At any rate, this product will go on my droolworthy list since the pricing is decent, the design is excellent, and it’s a testament to Apple’s ability to produce a refined and mature product. I’ll also bet money that an 8GB version will be available later this year or more likely early next year which would be the perfect capacity for this killer device. Prices start at $199 for the 2GB version and $249 for the 4GB version.

More info can be found at

Sony VAIO TX Series

Sony announced the newest line in their T-series subnotebooks. Dubbed the TX-series, the new line brings a new design and further refinements (and a few firsts for Sony) to the series.


The screen is now 11.1” (half an inch larger than the previous series). The new resolution is a 16:9 1366x768 resolution. The screen now uses a LED backlight system instead of a CCFL (Cold Cathode Flourescent Light) which should allow it to be 30% brighter than current Sony screens while consuming less energy. Additionally, the use of a LED backlight allows the screen to be 50% thinner than previous designs.


The top lid uses “multiple layers of carbon fiber” for less weight but twice the strength. As you can see from the photos, the screen thickness is ridiculously thin! Overall, the size has been trimmed down and the notebook is lighter than ever. The size goes from 21mm (.83 inches) to 28.5mm (1.1 inches) and it only weighs 1.25kg (2.75lbs).

The processor remains the newer Sonoma Pentium M 753 1.2GHz Ultra Low Voltage CPU with an optional Celeron model for budget buyers. It’s coupled with the 915GM chipset which integrates video (Intel’s GMA900 which uses up to 128MB of system memory) and the new High Definition Azalia audio.

The memory now only goes up to 1.5GB maximum since 512MB is built-in onboard and there’s only one expansion slot. The good thing is that Sony is using a standard SO-DIMM DDR2.

60GB is the maximum hard disk size that’s shipping. This leads me to believe that it’s still 1.8” HDD. I suspect 80GB models will be available next year once those are produced in volume by Toshiba.


The new multiformat burner supports the following formats at the corresponding burn speeds. DVD+R DL (2.4x), DVD+R (4x), DVD+RW(2.4x), DVD-R (4x), DVD-RW (2x), DVD-RAM (2x), CD-R (24x), and CD-RW (24x).

Due to the energy enhancements and newer (possibly larger) battery capacities, the standard battery life is now 9 hours with the extended battery lasting up to 14.5 hours!


The keypad pitch is 17mm (no change here) and it uses the familiar trackpad for navigation. Below the screen on the spine there are media buttons. There are now direct volume buttons located on the front of the notebook near the headphone/microphone jacks.

A welcome change for most people and probably a shocker is the inclusion of a SD/MMC memory slot in addition to the usual Memory Stick (DUO/PRO) slot.

In terms of wireless connectivity, the TX offers 802.11a/b/g (likely Intel’s 2915ABG chipset) and Bluetooth. The Bluetooth specification has been upgraded to 2.0 and it seems to offer direct Bluetooth headset support so you can use it with Skype (which is preinstalled) and heavily hyped on their website.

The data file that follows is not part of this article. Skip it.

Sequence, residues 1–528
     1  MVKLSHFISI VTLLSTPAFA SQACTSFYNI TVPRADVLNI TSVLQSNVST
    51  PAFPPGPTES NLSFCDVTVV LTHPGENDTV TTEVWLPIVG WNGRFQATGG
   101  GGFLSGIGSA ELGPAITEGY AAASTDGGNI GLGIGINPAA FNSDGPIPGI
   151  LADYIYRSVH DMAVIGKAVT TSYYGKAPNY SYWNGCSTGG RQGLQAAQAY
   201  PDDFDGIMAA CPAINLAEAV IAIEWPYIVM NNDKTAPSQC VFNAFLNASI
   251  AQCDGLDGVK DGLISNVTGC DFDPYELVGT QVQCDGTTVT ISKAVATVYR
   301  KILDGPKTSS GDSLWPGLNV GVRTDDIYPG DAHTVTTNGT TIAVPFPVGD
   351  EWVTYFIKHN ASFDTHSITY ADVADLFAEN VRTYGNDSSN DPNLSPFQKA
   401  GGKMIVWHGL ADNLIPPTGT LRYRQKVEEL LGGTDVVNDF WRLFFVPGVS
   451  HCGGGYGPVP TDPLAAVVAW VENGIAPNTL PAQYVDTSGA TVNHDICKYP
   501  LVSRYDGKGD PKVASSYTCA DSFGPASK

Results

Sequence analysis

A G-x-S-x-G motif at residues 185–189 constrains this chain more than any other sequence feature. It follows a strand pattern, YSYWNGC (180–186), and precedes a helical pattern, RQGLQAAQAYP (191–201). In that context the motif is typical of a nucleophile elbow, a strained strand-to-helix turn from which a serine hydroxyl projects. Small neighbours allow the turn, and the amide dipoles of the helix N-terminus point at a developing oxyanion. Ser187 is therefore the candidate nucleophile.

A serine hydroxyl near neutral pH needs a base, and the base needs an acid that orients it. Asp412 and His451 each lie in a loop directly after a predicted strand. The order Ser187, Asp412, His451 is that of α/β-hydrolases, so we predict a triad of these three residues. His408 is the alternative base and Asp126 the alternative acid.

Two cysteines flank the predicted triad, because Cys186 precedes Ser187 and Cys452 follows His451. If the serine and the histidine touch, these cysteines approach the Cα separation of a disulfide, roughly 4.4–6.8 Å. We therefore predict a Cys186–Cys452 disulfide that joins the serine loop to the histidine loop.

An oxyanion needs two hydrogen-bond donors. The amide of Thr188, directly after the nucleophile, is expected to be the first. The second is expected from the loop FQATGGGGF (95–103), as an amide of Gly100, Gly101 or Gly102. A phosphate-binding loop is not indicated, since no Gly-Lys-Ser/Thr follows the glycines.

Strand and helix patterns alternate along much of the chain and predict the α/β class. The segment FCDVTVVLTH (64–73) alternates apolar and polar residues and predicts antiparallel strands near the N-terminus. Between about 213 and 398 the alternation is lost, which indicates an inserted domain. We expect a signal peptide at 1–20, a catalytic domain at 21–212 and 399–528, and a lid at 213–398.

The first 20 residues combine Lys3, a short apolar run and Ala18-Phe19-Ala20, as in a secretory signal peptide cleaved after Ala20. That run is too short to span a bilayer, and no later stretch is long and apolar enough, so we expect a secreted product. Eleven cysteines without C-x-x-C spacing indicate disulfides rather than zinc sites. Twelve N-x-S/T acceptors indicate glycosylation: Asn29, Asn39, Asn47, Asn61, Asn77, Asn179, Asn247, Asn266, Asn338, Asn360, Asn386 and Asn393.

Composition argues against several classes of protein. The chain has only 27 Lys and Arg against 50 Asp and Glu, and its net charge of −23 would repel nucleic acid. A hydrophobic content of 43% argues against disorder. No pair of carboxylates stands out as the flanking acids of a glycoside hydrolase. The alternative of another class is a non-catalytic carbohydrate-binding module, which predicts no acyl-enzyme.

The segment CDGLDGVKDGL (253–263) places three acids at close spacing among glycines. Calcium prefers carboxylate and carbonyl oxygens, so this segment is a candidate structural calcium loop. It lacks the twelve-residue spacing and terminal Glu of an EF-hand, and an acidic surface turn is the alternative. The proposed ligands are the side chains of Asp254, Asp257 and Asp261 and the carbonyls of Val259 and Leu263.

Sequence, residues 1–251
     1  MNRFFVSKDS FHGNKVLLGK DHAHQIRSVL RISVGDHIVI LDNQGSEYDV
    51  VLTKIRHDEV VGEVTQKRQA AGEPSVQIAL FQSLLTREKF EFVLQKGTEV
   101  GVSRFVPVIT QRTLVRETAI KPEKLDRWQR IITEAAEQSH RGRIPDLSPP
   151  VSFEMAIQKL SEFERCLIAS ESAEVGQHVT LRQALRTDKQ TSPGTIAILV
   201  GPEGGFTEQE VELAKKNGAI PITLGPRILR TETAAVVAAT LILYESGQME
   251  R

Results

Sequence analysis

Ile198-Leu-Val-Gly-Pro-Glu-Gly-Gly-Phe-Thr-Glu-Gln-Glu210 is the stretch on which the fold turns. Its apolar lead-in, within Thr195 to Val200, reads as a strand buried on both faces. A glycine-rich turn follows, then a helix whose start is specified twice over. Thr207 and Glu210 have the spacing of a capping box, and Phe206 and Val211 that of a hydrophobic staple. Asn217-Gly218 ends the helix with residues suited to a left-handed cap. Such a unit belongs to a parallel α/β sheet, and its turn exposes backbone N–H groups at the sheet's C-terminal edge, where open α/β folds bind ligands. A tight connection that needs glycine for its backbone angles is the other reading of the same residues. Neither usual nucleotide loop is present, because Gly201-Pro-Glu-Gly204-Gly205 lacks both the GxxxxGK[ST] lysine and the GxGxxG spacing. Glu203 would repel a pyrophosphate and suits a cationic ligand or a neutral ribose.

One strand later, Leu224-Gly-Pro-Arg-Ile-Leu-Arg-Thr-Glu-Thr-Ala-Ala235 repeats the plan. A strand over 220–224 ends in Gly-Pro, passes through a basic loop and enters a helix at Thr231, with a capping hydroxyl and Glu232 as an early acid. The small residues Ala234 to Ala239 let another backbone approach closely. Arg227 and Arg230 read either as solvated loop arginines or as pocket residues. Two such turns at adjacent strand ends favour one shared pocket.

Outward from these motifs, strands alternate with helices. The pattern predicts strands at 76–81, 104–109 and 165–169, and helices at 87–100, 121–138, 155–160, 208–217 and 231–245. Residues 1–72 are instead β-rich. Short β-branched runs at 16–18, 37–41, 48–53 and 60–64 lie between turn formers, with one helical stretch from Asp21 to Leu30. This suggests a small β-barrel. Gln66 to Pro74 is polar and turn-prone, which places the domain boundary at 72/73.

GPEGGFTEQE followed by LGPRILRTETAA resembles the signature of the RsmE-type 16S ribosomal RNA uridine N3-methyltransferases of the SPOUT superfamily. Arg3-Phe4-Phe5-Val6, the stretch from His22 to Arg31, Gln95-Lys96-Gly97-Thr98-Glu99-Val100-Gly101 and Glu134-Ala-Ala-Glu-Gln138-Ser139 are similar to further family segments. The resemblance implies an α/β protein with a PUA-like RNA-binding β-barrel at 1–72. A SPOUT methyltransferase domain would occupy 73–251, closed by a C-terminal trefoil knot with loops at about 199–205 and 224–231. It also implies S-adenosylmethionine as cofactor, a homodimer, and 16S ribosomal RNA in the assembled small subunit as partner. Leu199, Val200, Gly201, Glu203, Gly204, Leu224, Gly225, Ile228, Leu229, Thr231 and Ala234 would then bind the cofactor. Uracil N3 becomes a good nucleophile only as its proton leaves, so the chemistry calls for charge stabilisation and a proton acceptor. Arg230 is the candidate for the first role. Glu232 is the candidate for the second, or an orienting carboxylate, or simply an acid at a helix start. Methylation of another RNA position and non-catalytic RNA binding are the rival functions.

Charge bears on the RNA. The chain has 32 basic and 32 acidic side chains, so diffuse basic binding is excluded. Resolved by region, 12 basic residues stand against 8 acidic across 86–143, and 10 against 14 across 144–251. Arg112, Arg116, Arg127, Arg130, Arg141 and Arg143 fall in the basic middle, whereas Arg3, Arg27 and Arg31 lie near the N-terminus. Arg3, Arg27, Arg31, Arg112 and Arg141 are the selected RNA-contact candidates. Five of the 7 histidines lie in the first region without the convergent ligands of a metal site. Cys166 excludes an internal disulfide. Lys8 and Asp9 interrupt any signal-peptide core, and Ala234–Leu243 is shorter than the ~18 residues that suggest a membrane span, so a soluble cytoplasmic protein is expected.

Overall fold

The new AC adapter is super small only weighing 180g with dimensions of 86 x 21.7 x 58.4 (WHD).

Other notable specs not already mentioned:

2 x USB 2.0 ports
1 x iLink (4-pin) Firewire
1 x Ethernet 10/100 RJ45
1 x Modem RJ11 jack
1 x Stereo headphone mini-jack
1 x Microphone input jack
1 x External VGA DB15-pin
Type II x1, Cardbus slot
Port Replicator available


Available in White, Black, or a limited edition Premium Blue, the TX looks to continue the family line since the creation of the venerable TR series.

Sony NW-E505S Player

Sony’s late entries into the “mp3” market are starting to come at a rapid pace. Few people imagined that Sony would actually follow through on their promise to embrace MP3s in their digital audio players. Sony has already started with the HDD based players but they’re struggling to catch up with Apple who has recently started selling the iPod Shuffle flash-based players.

Sony’s forthcoming 512MB or 1GB (E407 model) entry looks darned sexy:


Known specifications:
- OLED Screen
- FM Radio
- 50 hour lithium battery
- 37 grams

And yes, it has a screen. It’s my personal opinion that a 512MB+ type device needs to have some sort of a screen. I’ve been using a 512MB flash-based MP3 player for the last year and having a screen is absolutely necessary. I do use the random shuffle feature but I often want to hear a specific song or group of songs (like when I’m teaching dance class or when I’m at the gym working out). Without the option of having a screen to easily navigate to my music a device isn’t exactly useful.

What Sony will need to do is provide a better software interface. As a user of OpenMG Jukebox 1.0 to SonicStage 2.3, I must say that Sony’s software is absolutely atrocious. For the most part, most of Sony’s draconian DRM measures are gone or finally transparent which is good. However, the user interface of their software is cryptic and poorly designed. Sony has this fascination with creating their own interfaces which often waste screen real estate and don’t follow traditional user interface conventions. Allegedly, SonicStage 3.0 will be a complete rewrite that will finally be worthy of mention. For Sony’s new push into digital audio players, the end-to-end experience is going to have to be very good if they want a shot of claiming back some of the market place.